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Workers' heat deaths spur bill from Grijalva, others to create federal protections

A bill introduced this week by Congressman Raúl Grijalva and other lawmakers aims to provide federal protections for workers exposed to extreme heat. 

The Asunción Valdivia Heat Illness, Injury and Fatality Prevention Act is named in honor of Asunción Valdivia, a farmworker who died of heat stroke in 2004 in California after picking grapes for ten hours straight in 105 degree heat. 

The legislation also comes on the heels of the death of Dario Mendoza, a 25-year-old farmworker who collapsed while working in the fields in Yuma last week and died in a hospital of suspected heat-related causes. 

Protective gear, paid breaks

The Occupational Safety and Health Administration, or OSHA, requires employers to provide workplaces free of recognized health hazards, but doesn't lay out stringent rules for extreme heat.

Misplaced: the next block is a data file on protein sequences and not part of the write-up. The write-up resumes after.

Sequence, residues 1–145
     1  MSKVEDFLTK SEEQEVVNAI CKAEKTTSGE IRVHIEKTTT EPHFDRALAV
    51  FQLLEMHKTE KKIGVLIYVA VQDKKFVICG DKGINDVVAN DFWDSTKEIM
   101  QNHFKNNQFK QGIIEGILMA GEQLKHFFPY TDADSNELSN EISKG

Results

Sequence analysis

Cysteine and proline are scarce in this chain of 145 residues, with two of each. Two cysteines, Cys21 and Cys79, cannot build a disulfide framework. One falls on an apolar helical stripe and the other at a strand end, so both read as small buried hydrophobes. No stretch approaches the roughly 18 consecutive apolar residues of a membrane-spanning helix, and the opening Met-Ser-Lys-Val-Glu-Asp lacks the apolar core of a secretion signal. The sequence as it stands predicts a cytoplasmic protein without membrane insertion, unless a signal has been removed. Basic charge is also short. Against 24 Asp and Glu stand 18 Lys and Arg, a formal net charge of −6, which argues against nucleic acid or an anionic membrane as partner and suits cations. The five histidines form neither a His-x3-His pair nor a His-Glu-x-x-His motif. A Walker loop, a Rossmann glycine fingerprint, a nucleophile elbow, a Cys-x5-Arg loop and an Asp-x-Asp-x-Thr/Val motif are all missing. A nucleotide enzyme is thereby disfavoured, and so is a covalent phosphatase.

The new legislation would require employers to give workers protective gear like cooling vests and take part in trainings to recognize the signs of heat illness. It also calls for mandated, paid rest breaks throughout the day.

Shefali Minczarek-Desai, an associate law professor at the University of Arizona, said Arizona should also create its own standards.

"Arizona doesn’t need to wait for the federal legislation to come down. That’s something that the federal OSHA folks have said they’re working on, but that could take many years to promulgate a new rule on the federal level," she said. 

Lawmakers introduced a version of the this week's bill in 2021, but it failed to pass.

Agriculture workers at risk

Minczarek-Desai said many migrant agricultural workers are employed on special visas that tie them to a single employer, while others are paid based off the work they do, rather then the hours they put in. She says the lack of strict regulations in Arizona and other states creates too much space for things to go wrong.

"You could see a scenario where an employer says, 'hey, if you want you can have a break,' and workers, especially workers who don't truly understand the dire risk of extreme heat, might say, 'no, I'm not going to ask for that break, because I want my employer to know that I'm a hard worker.'"

Minczarek-Desai in addition to introducing formal regulations, Arizona should strengthen state resources to investigate possible labor violations.

More stories about Phoenix's heat wave

Alisa Reznick is a senior field correspondent covering stories across southern Arizona and the borderlands for the Tucson bureau of KJZZ's Fronteras Desk.